After Washington: no sleep, lots of booze and the exhilaration of battle, we trudged back to New York where I accompanied Norman to the studio for his appearance on The Merv Griffin Show. I remember sitting with him alone in the “green room” watching one inane anecdote after another, asking myself with increasing alarm “how the hell is he going to get out of this?” He sensed my lack of faith and, as he walked out onto the stage, said something like “don’t worry, kid, we’ll do ok.” Did he ever! First of all he demanded equal time and then went on the attack: “One minute in the life of General Westmoreland is more obscene than all the dirty words written by all the dirty writers in America etc., etc.” I later filmed the broadcast in a Brooklyn bar, which caused a reaction just as hostile as the boos and hisses which met Norman as he stomped away from the studio. It was that night in some anonymous bar when he made a gesture to me of quite extraordinary kindness and trust. We had talked about my admiration for Why Are We in Vietnam? and how I believed a great film could be made from it. He then proceeded to offer me the rights to it for free on one condition — that I was the director. Later, this became the basis for my first attempt at grappling with Hollywood, which fell apart when the man I had in mind to play the lead character DJ, Jim Morrison, died in a bath in Paris as I was on my way to clinch the deal with him.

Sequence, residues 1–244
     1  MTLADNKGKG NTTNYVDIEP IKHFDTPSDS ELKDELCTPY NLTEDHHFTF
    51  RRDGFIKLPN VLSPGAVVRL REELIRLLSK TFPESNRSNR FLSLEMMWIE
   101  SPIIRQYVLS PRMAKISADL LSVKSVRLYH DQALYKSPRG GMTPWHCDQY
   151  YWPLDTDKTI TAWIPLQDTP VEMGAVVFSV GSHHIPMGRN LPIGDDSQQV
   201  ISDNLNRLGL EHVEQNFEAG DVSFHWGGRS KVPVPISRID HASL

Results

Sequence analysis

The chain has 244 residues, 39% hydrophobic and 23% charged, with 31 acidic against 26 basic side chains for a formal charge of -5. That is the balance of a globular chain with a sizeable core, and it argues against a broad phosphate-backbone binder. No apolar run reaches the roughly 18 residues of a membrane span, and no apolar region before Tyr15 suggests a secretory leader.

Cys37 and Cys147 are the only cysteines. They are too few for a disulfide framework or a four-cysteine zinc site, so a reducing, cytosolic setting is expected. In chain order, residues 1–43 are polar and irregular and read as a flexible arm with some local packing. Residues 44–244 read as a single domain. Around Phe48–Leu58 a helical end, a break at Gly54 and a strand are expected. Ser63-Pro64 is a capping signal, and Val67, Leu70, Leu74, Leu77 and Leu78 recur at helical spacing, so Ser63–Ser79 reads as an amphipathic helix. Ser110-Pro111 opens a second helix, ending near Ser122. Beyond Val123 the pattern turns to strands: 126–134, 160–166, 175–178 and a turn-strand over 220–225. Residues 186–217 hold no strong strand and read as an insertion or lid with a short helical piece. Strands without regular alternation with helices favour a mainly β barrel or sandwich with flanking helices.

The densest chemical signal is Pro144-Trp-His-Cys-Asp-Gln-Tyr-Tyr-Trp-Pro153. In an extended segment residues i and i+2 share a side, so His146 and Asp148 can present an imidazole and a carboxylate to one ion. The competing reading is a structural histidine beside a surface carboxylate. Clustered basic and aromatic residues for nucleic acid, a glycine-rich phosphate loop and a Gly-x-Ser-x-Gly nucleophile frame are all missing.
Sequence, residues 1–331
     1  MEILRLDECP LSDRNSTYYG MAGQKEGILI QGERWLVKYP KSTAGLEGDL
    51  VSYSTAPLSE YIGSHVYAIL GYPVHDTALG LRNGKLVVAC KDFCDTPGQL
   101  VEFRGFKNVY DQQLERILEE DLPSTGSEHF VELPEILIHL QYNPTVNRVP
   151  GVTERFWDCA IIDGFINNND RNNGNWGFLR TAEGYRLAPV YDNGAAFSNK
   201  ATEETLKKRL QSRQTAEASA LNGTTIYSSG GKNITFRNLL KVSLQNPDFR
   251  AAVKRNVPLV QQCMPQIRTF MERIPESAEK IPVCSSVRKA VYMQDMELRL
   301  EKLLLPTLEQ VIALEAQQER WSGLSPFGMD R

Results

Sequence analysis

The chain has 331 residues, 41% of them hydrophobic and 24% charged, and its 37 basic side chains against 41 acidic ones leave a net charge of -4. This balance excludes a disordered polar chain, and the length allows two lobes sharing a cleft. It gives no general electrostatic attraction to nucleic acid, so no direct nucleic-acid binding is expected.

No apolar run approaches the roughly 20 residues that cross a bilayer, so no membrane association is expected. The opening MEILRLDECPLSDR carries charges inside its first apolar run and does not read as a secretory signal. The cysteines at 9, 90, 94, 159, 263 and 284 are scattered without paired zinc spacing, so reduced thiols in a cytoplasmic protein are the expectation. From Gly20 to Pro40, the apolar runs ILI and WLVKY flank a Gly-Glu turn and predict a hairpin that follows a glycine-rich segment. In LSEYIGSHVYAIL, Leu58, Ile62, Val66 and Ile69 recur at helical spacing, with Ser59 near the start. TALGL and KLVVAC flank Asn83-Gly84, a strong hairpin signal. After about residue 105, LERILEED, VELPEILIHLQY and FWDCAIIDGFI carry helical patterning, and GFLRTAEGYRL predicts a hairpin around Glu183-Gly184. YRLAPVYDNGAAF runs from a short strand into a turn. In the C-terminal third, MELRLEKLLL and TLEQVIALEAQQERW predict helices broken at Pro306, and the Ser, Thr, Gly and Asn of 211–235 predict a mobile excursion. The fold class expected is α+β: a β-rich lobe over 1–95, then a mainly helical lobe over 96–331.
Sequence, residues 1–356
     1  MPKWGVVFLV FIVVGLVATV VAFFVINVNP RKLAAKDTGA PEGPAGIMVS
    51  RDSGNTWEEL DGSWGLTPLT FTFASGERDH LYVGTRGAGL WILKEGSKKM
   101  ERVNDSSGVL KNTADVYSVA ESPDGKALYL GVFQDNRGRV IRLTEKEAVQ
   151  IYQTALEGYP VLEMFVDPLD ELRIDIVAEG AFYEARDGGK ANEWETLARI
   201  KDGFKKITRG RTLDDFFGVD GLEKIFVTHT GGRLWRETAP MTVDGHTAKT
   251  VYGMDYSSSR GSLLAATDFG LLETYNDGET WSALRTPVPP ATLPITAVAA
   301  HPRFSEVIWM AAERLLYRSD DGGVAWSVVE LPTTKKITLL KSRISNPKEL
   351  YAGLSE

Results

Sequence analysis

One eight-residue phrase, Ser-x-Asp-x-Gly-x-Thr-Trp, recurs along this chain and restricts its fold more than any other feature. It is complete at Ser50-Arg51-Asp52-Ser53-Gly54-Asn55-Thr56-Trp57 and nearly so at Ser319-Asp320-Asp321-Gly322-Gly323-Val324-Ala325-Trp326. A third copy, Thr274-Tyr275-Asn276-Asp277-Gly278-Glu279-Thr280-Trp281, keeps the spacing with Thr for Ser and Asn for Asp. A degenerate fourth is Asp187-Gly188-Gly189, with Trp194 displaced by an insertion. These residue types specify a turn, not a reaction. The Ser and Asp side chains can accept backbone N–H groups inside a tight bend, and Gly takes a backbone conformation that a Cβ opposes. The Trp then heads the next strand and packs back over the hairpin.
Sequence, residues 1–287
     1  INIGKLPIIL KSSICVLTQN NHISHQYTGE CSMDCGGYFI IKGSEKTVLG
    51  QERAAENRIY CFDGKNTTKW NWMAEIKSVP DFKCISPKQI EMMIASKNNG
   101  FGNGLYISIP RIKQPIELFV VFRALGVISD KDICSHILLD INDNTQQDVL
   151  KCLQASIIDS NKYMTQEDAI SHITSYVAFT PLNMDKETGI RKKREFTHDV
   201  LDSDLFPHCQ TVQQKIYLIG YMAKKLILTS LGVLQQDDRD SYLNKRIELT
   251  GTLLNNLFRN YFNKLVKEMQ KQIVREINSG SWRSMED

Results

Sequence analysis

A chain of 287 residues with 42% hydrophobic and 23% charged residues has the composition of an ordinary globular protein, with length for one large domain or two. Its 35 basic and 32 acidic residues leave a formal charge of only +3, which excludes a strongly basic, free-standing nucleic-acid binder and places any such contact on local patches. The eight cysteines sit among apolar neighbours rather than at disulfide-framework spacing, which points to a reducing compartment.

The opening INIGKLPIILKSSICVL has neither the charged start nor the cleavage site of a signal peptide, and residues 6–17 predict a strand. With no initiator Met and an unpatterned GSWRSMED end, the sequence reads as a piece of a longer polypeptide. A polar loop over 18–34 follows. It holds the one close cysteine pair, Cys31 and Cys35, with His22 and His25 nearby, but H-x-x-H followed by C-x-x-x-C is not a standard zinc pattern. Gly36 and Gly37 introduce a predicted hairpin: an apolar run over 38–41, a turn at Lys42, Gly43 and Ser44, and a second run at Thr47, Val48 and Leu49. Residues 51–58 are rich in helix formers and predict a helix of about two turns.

Meanwhile, I had come back to London to spend three months in a cutting room constructing a film which became Will the Real Norman Mailer Please Stand Up? using a radio DJ, Cousin Brucie, in an ironic reference to Why Are We in Vietnam? to separate the various roles Norman played during the adventures which led to The Armies of the Night. One aspect of that experience which still gives me chills: having spent endless hours with the filmed record of the events Norman describes in the book before it was written made the reading of it quite uncanny. It’s a long book, right? I was present at most of the events he describes so brilliantly but also reports verbatim in page after page of dialogue. I don’t remember one inaccurate line in the whole book! I know he didn’t take a note. How did he manage that? It’s miraculous. We are all aware that even short newspaper reports of events we have witnessed are almost always riddled with errors. Again: how did he do that?